Yieee! Asubonten ‘Kronkron’ Tano Paa Nie?

[Alas, Is This Really The Sacred River Tano?]

The ancient people who left us this land we now call `Ghana” were so wise that when I came to matters that touched on the survival of their societies, they were extremely inventive and stern.

For instance, the trees that provided wood for making the drums with which the ancestors celebrated the festivals, commemorating the brave deeds that their warriors exhibited in driving enemies away and ensuring the survival of the society in its chosen habitude, were accorded ‘human’ status.

No-one was allowed to cut down such trees unless they first poured libation to seek the tree’s permission before they could put an axe or cutlass to the trees. One such tree is called ‘kodua tweneduro”. Every time as drummer started to play his drums – either in celebration or to alert the society to some danger – he was first obliged to salute the tree from which the drum was cut, before going on with the business at hand.

One tree was so sacred that it was called “Nyamedua” – God’s tree, now, offending trees might bring harm to the society. `but it did not pose an immediate threat to life – such as polluted or dirty water could.

So the ancestors designated certain rivers (especially those that were so wide and drained such a huge area that polluting them would pose an existential threat to the society) – were accorded sacred status.

They were called ‘kronkron’ [pure, holy]. And women who were in their “period” could not cross such rivers. In the case of “River Tano” (one of the largest rivers in Asante) any woman who was in her period and crossed the river, would be executed—even if she crossed the river not on foot but by canoe!

Such a punishment would appear to be extremely harsh sand cruel – unless one considers the fact that modern scientists regard water-borne diseases as the most numerous and deadly in tropical countries.

Now, at a time when microscopes had not yet been invented, how did our ancestors fathom that water was the main carrier of such dreadful pestilences as dysentery, cholera, river-blindness and bilharzia?

Our ancestors wanted the law that prohibited the Tano from being polluted to become SACROSANCT to all the people. Hence the IMAGINATIVE, but rather gruesome punishment prescribed for polluting it. Who could forget this punishment, once he/she has heard about it from childhood?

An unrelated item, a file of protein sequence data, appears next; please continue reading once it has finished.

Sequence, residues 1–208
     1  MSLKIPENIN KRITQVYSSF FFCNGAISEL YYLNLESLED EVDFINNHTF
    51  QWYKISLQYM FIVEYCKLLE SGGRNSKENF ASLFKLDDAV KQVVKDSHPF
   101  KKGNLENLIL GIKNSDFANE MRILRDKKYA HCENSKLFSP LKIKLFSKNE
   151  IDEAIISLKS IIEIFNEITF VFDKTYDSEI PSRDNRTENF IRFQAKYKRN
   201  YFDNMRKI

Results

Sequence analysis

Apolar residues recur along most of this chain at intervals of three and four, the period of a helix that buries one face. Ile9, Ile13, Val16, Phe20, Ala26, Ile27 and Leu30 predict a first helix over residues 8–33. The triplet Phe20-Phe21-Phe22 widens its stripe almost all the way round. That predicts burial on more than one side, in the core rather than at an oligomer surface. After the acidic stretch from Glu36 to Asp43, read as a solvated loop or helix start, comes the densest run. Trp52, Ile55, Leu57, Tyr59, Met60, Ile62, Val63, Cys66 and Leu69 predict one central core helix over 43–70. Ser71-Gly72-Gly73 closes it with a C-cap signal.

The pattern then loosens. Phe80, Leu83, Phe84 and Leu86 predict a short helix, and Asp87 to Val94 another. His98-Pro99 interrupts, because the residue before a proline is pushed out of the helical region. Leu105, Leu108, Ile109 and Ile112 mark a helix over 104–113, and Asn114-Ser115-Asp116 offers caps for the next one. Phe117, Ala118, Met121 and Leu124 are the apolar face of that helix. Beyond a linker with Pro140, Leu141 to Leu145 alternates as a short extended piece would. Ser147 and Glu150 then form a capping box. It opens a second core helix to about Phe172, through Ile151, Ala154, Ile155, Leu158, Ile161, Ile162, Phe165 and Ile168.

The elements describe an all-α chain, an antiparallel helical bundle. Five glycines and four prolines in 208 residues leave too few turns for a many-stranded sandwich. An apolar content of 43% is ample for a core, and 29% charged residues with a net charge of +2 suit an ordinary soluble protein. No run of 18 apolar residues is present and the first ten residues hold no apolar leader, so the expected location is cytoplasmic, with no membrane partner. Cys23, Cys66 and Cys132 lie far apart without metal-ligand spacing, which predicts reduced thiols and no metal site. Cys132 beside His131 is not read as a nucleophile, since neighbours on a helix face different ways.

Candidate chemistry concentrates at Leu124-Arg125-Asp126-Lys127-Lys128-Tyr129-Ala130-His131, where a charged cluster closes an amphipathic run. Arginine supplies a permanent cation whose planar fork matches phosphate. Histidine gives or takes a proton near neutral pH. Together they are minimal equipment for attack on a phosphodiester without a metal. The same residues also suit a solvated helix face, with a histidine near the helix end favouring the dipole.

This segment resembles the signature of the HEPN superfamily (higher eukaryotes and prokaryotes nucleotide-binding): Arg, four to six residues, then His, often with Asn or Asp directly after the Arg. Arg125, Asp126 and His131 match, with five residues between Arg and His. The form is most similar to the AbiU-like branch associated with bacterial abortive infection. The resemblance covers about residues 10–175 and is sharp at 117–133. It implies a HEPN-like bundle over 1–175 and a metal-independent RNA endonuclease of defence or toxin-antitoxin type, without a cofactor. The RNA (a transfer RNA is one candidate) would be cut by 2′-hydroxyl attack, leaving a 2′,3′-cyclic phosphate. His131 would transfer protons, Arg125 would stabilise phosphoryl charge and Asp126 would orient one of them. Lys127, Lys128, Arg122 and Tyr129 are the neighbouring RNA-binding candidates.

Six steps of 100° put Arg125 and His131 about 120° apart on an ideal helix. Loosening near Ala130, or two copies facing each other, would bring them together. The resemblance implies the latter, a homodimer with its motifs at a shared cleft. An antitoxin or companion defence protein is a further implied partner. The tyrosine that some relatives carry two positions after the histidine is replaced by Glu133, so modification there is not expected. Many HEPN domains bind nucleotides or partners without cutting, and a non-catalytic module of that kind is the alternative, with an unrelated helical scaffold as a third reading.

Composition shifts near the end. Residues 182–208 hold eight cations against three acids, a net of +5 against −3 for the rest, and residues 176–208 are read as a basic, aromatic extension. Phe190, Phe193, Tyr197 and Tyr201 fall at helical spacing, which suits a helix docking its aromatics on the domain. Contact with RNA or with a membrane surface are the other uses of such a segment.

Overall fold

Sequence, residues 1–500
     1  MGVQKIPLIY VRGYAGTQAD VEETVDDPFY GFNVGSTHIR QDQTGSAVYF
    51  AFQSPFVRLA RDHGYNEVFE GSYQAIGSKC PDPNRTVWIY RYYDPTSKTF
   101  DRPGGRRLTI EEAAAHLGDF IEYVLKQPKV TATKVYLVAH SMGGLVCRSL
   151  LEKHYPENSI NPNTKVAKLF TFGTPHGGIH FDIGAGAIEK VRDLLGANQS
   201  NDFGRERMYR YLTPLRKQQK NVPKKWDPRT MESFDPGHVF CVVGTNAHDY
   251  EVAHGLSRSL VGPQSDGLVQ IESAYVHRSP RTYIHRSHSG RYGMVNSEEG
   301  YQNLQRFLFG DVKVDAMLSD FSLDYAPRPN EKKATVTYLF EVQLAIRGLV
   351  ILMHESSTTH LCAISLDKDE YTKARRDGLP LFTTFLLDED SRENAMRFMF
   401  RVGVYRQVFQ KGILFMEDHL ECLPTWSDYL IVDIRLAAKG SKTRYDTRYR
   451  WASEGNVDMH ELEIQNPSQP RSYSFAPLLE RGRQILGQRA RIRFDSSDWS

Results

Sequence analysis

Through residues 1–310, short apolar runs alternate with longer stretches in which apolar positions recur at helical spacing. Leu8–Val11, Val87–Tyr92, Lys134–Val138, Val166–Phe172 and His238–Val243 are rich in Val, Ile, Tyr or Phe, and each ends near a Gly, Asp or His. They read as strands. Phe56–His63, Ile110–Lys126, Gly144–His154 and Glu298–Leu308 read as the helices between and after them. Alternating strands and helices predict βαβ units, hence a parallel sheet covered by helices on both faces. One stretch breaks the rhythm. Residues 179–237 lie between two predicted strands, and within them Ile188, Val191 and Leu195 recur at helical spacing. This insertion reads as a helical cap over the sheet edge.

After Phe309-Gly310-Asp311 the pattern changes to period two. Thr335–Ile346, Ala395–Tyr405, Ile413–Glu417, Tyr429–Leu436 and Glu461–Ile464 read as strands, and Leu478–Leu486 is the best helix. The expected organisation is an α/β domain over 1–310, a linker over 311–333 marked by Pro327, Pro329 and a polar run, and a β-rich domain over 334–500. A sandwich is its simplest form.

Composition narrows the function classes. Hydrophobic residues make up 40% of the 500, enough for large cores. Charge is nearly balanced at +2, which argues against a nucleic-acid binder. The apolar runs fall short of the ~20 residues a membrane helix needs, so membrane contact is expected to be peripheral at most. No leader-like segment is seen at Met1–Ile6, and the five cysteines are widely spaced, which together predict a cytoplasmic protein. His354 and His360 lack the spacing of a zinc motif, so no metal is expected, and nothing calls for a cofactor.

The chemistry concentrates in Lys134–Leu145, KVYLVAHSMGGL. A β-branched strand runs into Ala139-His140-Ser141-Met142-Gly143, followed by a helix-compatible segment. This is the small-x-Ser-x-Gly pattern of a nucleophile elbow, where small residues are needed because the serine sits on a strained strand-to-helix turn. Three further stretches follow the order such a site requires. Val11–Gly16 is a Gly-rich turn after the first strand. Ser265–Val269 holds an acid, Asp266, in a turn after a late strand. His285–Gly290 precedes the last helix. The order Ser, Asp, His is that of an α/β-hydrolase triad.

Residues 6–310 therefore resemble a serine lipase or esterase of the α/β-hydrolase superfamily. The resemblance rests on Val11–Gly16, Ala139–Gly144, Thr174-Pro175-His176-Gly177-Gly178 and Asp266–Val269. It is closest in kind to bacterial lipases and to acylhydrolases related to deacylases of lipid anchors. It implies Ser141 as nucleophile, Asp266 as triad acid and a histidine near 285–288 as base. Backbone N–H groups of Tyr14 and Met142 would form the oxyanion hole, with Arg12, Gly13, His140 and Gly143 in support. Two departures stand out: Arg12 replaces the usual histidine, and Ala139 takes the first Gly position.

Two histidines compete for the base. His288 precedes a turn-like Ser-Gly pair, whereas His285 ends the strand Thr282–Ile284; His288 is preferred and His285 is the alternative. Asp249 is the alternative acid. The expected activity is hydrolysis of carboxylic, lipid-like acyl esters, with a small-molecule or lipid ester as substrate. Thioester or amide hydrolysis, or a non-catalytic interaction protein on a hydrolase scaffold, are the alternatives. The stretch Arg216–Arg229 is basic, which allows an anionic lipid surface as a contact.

Our ancestors handed over such acts of wisdom and knowledge they had gathered by empirical evidence, to us. But unfortunately, as soon as foreign conquerors brought their religious beliefs and practices to our shores, we jettisoned our native knowledge and embraced everything associated with the conquering culture that the Whiteman brought!

So, today, when you look at the horrendously polluted state of such major Ghanaian Rivers as “Ankobrah, Tano, Pra, Densu, Birem, Oti and others, you wonder whether it is creatures from outer space, who are created differently from humans and therefore do not know the uses of water, who are in control of our lives.

For it is difficult to believe that anyone who was born in Ghana and has drunk from our Rivers and Streams from childhood, would take part in taking excavators and bulldozers to our water-bodies to KILL THEM SO RUTHLESSLY.

Please don’t take my word for it. Just go to YOUTUBE, on the Internet, and
Search for:
Joy newsdesk report Illegal miners take over river Tano in new galamsey onslaught
If you love Ghana, you will weep. For the effects of the destruction will not just apply to you and your children, but to your children’s children. Indeed, there may never be a future state of Ghana at all.

I had intended to devote today’s column to the brilliant writer, Ama Ata Aidoo, who has left us unceremoniously, after a short illness.

But brilliant as she was, she would applaud my decision to continue drawing attention to the existential threat that galamsey poses to us and our offspring.

I knew Ama quite well and will be able, in the near future, to give my readers an idea of who she was.

In the mean time, I respectfully send my condolences to her family and friends.
May Ama rest in perfect peace.